Slimetime television

A Rothamsted Research scientist is enlisting the help of the nation via the BBC and the scouting movement to help him answer some questions about one of our commonest slugs.


Scientist Dave Bohan wants to know why the great black slug (Arion ater) sometimes occurs as a black form and sometimes as a reddish one. "It may be that the black coloration is a bit like a woolly jumper, helping the slugs to warm up faster" says Dave. "If this was the case we would expect to find more of the black types in colder parts of the country". So Dave is asking people to have a look in their own backyards and count the number of red and black Arion ater that they find.

The BBC are helping him by running this national slug survey from their website (link now defunct) and featuring it during a week of programmes (beginning 26th May) on British wildlife called SLUK. The Scouting movement has also agreed to help.

"If you want to take part just have a look at the website" says Dave. "The more people that send us their slug counts the better. You can really help us to find out more about an important British species".


Mass insect migrations in UK skies

For the first time, scientists have measured the movements of high-flying insects in the skies over southern England – and found that about 3.5 trillion migrate over the region every year.

New study shows wheat crop yield can be increased by up to 20 per cent using new chemical technology, providing a solution to global food insecurity

The application, based on controlling naturally-occurring sugars, also increases crop resilience to drought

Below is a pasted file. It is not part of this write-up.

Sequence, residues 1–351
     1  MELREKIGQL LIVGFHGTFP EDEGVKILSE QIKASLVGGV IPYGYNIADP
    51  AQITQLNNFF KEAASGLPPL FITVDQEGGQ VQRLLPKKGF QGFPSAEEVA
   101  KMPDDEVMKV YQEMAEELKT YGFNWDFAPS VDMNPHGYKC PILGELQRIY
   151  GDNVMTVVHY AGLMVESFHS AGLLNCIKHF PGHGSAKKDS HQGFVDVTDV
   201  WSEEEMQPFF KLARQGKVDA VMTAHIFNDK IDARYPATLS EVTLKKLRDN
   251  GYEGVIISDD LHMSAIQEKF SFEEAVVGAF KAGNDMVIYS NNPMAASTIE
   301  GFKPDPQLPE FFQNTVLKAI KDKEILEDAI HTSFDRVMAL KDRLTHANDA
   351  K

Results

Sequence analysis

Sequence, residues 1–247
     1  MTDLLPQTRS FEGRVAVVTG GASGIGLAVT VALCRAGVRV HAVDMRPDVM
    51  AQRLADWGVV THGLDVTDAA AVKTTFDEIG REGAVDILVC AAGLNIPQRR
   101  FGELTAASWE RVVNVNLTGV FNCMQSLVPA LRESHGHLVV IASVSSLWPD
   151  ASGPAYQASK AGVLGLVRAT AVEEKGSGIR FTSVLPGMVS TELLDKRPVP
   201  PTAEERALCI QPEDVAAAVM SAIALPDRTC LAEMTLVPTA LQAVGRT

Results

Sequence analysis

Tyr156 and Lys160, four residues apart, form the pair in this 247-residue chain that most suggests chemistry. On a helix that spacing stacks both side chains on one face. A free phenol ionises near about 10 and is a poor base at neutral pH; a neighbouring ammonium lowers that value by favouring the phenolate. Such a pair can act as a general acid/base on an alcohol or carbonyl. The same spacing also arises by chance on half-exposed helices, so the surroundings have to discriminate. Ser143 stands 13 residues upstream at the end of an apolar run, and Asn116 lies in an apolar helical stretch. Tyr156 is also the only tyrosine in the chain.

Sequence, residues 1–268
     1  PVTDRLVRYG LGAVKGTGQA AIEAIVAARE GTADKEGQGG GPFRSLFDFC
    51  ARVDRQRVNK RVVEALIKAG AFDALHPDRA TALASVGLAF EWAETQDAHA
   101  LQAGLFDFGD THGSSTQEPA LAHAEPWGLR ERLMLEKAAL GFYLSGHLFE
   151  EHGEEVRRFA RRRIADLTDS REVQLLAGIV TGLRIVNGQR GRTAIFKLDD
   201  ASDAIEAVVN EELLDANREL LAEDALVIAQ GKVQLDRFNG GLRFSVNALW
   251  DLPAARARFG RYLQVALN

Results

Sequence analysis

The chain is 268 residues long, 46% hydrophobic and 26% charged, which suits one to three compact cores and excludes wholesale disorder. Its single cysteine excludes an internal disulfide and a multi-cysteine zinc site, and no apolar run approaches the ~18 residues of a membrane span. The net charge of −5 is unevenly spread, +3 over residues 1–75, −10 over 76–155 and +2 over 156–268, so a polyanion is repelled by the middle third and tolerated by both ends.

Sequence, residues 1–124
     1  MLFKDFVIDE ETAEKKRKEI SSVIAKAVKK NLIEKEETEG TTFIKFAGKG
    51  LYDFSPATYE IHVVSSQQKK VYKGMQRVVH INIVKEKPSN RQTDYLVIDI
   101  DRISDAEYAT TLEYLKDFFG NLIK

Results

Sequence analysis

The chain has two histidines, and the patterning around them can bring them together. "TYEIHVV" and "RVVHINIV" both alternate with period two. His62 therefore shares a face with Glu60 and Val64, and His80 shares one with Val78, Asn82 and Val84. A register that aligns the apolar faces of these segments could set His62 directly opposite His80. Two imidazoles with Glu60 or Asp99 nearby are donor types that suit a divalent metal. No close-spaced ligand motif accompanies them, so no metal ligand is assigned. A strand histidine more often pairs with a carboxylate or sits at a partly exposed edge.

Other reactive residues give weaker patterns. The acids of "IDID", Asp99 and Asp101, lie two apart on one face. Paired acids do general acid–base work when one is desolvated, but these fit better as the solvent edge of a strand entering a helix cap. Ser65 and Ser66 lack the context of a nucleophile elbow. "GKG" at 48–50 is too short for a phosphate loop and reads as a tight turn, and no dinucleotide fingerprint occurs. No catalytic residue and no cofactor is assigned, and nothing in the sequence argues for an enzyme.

The humble willow basket to be remembered at First World War event

Celebrate the importance of the humble willow basket during the First World War, with the Everyday Day Lives in War Centre and Rothamsted Research, on Saturday 12th November 2016.

Rothamsted Research submits application to Defra for permission to carry out field trial with GM wheat plants

The trial will test whether GM wheat plants are able to carry out photosynthesis more efficiently in the field and whether this trait could result in a higher yielding crop. A public consultation has begun.


Rothamsted Press Office

For further information, please contact:
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About Rothamsted Research

We are the longest running agricultural research station in the world, providing cutting-edge science and innovation for over 170 years. Our mission is to deliver the knowledge and new practices to increase crop productivity and quality and to develop environmentally sustainable solutions for food and energy production.

Our strength lies in the integrated, multidisciplinary approach to research in plant, insect and soil science.
Rothamsted Research is strategically funded by the Biotechnology and Biological Sciences Research Council (BBSRC)


BBSRC invests in world-class bioscience research and training on behalf of the UK public. Our aim is to further scientific knowledge, to promote economic growth, wealth and job creation and to improve quality of life in the UK and beyond.

Funded by Government, BBSRC invested £473M in world-class bioscience, people and research infrastructure in 2015-16. We support research and training in universities and strategically funded institutes. BBSRC research and the people we fund are helping society to meet major challenges, including food security, green energy and healthier, longer lives. Our investments underpin important UK economic sectors, such as farming, food, industrial biotechnology and pharmaceuticals.

More information about BBSRC, our science and our impact.
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